The Military Leadership Styles

Transactional style

Transactional leadership is characterized by the relationship between the leader and his followers. The director achieves the fulfillment of tasks from his followers through the “carrot and stick” method. Usually, a superior uses various rewards in exchange for the performance of his subordinates. Different bonuses and punishments contribute to the motivation of employees and their interest in achieving specific goals. The leader establishes a link between achieving goals and remuneration, clarifies expectations, makes promises and resources in exchange for the support of followers, enters into mutually beneficial agreements, negotiates resources, exchanges his help for efforts from employees and encourages successful work. Without a transactional basis, expectations remain blurred, the direction of movement is unclear, and goals are vague. Transactional leadership forms the foundation for a more mature interaction (Haimanot, 2020). This system is often used in the military: if the soldiers perform their duties well, they are rewarded; if the servicemen fail, they receive a reprimand or a more severe punishment from the commanders.

Transformational style

Transformational leadership is one of the leadership styles that involve the implementation of significant shifts by the leader. The one is deeply interested in his work and is immersed in the process. He inspires his subordinates to “new feats” and positive changes. At the same time, the leader should identify the weaknesses and strengths of his followers and set them tasks that can optimize their work. Transformational leadership enhances the motivation, morale, and productivity of followers through various mechanisms, including linking the sense of identity and self-consciousness of the follower with the project and with the collective self-consciousness of the organization. This leadership motivates people to achieve unexpected or remarkable results (Haimanot, 2020). In the military, it gives the soldiers the authority to make decisions and influence the future together. That causes a positive change in the attitude of followers and the organization.

Servant style

Servant leadership is a concept based on serving the people. A service leader is always an excellent example for everyone. He is characterized by empathy, sensitivity, involvement, sociability; The one will always listen and help. They feel and understand the world of the interlocutor, can empathize; This person is always honest and leads intelligently. The entire team participates in decision-making, and the contribution of each person is important for the future. However, the service leader prefers not to be the center of attention and allows his team to independently make decisions concerning their synergy. This approach helps to create a good corporate culture and leads to an increase in the morale of each team member (Hai & Van, 2021). This system allows soldiers to develop better through joint efforts. Indeed, service leadership has its own significant disadvantages, such as the lack of making quick decisions and the ability to complete the work in the shortest possible time.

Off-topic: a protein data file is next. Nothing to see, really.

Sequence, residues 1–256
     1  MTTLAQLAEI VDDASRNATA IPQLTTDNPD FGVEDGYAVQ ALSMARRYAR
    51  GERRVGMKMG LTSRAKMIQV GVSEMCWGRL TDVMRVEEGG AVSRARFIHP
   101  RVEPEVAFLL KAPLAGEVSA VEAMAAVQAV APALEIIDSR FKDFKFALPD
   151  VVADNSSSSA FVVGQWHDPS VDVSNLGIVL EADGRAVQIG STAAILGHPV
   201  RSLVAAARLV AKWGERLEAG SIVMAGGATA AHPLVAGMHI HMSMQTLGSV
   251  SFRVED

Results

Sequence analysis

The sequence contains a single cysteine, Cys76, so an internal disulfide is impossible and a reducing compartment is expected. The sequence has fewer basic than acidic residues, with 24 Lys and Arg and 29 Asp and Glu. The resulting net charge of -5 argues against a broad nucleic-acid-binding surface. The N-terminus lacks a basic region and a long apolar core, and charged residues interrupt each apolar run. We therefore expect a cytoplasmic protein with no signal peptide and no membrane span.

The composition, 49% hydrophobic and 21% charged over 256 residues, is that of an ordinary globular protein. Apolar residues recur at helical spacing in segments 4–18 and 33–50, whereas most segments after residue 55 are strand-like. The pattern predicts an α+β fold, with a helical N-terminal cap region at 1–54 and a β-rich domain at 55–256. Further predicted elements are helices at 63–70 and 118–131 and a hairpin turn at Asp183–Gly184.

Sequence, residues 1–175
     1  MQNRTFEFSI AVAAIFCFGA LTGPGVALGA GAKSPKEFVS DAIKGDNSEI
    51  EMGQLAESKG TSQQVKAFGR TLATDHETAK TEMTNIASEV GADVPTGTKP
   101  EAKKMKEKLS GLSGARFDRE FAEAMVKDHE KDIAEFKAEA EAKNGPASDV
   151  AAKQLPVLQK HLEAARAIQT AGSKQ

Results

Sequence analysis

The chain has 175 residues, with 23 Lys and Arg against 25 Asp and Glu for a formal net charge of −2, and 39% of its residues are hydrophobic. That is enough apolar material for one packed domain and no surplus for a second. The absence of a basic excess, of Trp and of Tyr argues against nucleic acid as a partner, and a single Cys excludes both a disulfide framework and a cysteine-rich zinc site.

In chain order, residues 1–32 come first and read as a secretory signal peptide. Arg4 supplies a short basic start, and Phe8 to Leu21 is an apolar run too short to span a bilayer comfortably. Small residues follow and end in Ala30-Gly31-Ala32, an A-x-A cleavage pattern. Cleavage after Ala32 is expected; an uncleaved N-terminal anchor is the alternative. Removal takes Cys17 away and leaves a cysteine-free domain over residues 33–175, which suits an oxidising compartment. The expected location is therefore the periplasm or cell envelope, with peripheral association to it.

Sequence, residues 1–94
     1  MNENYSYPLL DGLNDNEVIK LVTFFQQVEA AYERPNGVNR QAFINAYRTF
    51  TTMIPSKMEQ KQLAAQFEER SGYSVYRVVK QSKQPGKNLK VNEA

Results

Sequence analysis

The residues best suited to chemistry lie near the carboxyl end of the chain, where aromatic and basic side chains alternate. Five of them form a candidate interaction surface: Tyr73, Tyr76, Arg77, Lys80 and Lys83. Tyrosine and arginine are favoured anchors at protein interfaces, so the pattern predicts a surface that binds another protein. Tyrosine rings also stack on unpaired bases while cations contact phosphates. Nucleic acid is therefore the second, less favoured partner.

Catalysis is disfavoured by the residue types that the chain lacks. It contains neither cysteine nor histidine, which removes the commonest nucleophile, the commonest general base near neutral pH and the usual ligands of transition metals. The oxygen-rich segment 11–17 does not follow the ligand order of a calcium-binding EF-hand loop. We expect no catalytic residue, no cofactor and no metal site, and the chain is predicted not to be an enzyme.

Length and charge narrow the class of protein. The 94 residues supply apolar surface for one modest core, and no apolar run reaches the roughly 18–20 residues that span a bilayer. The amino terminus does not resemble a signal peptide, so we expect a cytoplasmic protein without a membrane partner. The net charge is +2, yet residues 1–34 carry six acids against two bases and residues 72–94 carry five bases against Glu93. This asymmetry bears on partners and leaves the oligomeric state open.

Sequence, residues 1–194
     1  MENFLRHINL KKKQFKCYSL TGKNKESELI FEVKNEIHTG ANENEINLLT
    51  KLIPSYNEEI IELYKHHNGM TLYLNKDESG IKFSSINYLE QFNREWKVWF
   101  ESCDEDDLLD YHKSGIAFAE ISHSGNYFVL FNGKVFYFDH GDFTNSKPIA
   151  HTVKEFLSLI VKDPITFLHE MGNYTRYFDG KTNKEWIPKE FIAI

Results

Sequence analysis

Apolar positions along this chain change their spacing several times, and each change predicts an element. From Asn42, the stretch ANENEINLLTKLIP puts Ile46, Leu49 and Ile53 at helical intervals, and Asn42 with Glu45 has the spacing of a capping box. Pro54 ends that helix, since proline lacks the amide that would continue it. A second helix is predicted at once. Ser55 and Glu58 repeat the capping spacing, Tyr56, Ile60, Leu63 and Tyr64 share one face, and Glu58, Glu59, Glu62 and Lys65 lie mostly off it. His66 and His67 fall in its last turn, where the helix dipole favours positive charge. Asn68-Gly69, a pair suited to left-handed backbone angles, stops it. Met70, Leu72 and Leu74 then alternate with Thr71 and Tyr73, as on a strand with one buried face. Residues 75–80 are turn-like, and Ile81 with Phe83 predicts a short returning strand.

Autocratic style

The authoritarian leadership style is based on the formal authority of the leader. It is characterized by the desire of the superior to take decisions on himself without any consultations with assistants. The advantages of this style are making quick decisions, employee productivity, and less stress under certain circumstances. The disadvantages of this style are fear and unpleasant feelings for subordinates, lack of flexibility and feedback. An autocratic leader is a leader who seeks to centralize power, basing it on official position, control over the distribution of rewards and coercion. The autocratic leader tightly manages all the work within his competence and, to ensure the performance of the work, can exert psychological pressure, threaten. The main personality traits of an authoritarian leader are ambition, dominance, categoricity, rudeness, intransigence to criticism, aggressiveness, rigidity. Autocratic leadership works best in situations where quick decisions are required without considering disagreements (Haimanot, 2020). For example, in the military industry, an autocratic leadership style is often used; Commanders-in-chief are responsible for soldiers and make difficult decisions, which allows servicemen to focus exclusively on fulfilling orders and assignments.


Followership is primarily the ability to follow the leader, adhere to his views, opinions, judgments and support his efforts. Good followers are diligent and purposeful, pay attention to details and make efforts. In this case, any of the sides depends on each other. Such relations are characterized by teamwork and joint work of people focused on a particular task. Followers and leaders are active participants in creating productive, effective processes and situations. Consistency will always be in the shadow of leadership. But there are no leaders without followers, and constant success with weak followers usually turns out to be unattainable (Scott, 2019). In the army, soldiers are aware of their responsibility for following the orders of the commander and take appropriate actions.


Haimanot, A. (2020). The effect of leadership styles on the employee performance: In case of army foundation. St.Mary’s University.

Hai, T. N., & Van, Q. N. (2021). Servant leadership styles: A theoretical approach. Emerging Science Journal, 5(2), 245-256. Web.

Scott, D. H. (2019). Applied followership for sustainable competitive advantage. [Master’s thesis, The University of Strathclyde]. ResearchGate.